Julian Bell and Elizabeth Watson, 1930
|Born||Julian Heward Bell
4 February 1908
|Died||18 July 1937
Julian Heward Bell (4 February 1908 – 18 July 1937) was an English poet, and the son of Clive and Vanessa Bell (who was the elder sister of Virginia Woolf). The writer Quentin Bell was his younger brother, and the writer and painter Angelica Garnett was his half-sister. His relationship with his mother is explored in Susan Sellers' novel Vanessa and Virginia.
He was brought up mainly at Charleston, Sussex. He was educated at Leighton Park School and King's College, Cambridge, where he joined the Cambridge Apostles. He was a friend of some of the Cambridge Five, and sometimes claimed as Anthony Blunt's lover. (In the BBC dramatisation Cambridge Spies he appears as Guy Burgess's lover.) After graduating he worked towards a college fellowship, without success.
In 1935 he went to China, to a position teaching English at Wuhan University. He wrote letters describing his relationship with a married lover, K.; the identity of this woman became a sensitive issue when the Chinese-British novelist Hong Ying published a fictionalized account, K: The Art of Love in 1999. After a 2002 ruling by a Chinese court that the book was 'defamation of the dead', the author rewrote the book, which was published in 2003 under the title The English Lover.
In 1937 Bell took part in the Spanish Civil War, as an ambulance driver on the Republican side. His motive for going to Spain was a general sympathy for the cause of the Spanish Republic, plus "the usefulness of war experience in the future and the prestige one would gain in literature and - even more - Left politics". After being just a month in Spain he was killed in the battle at Brunete, aged 29. He was hit by bomb fragments whilst driving an ambulance.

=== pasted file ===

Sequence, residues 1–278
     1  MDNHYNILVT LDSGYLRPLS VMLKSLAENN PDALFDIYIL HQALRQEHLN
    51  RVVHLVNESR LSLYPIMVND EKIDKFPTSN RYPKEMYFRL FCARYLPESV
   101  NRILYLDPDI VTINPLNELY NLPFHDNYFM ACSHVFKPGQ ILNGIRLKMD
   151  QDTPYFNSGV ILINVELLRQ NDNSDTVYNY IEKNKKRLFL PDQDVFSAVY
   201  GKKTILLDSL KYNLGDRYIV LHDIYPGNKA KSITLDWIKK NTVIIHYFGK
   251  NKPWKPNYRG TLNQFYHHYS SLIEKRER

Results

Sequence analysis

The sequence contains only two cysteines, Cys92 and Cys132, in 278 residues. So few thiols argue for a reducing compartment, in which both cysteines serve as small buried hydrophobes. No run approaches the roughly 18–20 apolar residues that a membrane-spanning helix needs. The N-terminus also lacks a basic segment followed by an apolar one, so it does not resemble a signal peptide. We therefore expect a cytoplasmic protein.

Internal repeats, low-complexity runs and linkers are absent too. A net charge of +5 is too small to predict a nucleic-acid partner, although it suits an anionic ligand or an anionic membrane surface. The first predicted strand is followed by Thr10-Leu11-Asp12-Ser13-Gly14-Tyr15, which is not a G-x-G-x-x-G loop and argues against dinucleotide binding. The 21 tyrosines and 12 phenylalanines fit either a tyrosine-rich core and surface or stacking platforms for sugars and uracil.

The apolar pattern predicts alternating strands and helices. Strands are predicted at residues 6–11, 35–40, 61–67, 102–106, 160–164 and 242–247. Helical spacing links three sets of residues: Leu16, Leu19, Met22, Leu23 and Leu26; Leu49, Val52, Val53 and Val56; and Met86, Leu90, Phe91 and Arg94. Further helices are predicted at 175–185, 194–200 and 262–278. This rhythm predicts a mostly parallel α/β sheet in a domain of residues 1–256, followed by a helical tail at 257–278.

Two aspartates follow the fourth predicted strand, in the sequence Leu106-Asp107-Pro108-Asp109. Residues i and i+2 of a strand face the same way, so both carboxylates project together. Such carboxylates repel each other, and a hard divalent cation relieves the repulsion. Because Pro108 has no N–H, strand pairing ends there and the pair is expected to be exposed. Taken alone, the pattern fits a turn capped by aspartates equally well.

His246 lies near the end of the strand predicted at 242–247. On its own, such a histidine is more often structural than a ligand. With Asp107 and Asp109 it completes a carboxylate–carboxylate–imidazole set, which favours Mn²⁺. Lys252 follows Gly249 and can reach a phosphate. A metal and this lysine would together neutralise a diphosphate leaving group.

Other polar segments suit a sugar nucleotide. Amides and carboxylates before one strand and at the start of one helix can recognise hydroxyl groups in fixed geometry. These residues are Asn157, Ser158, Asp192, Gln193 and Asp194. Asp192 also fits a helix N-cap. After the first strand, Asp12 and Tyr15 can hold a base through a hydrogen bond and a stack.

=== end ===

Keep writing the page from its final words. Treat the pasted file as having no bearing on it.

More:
Quentin Bell's son, Julian's nephew, is also named Julian Bell. He is the author of Mirror of the World: A New History of Art (2007).
- Winter Movement (1930) poems
- We Did Not Fight: 1914-18 Experiences of War Resisters (1935) editor
- Work for the Winter (1936) poems
- Essays, Poems and Letters (1938) edited by Quentin Bell
- Hugh Thomas: "The Spanish Civil War", London 1974, page 590 n.2.
- Lily Briscoe's Chinese Eyes: Bloomsbury, Modernism, and China (2003), Patricia Laurence
- Vanessa and Virginia, Susan Sellers
- Julian Bell: From Bloomsbury to the Spanish Civil War (2012), Peter Stansky and William Abrahams
- Mémoires de Duncan Grant, un Highlander à Bloomsbury by Christian Soleil (2011), Monpetitéditeur, Paris.
- Mémoires de Duncan Grant, A Bohemian Rhapsody by Christian Soleil (2012), Monpetitéditeur, Paris.
- Le Neveu de Virginia Woolf, entretien avec Julian Bell by Christian Soleil (2012), Publibook, Paris.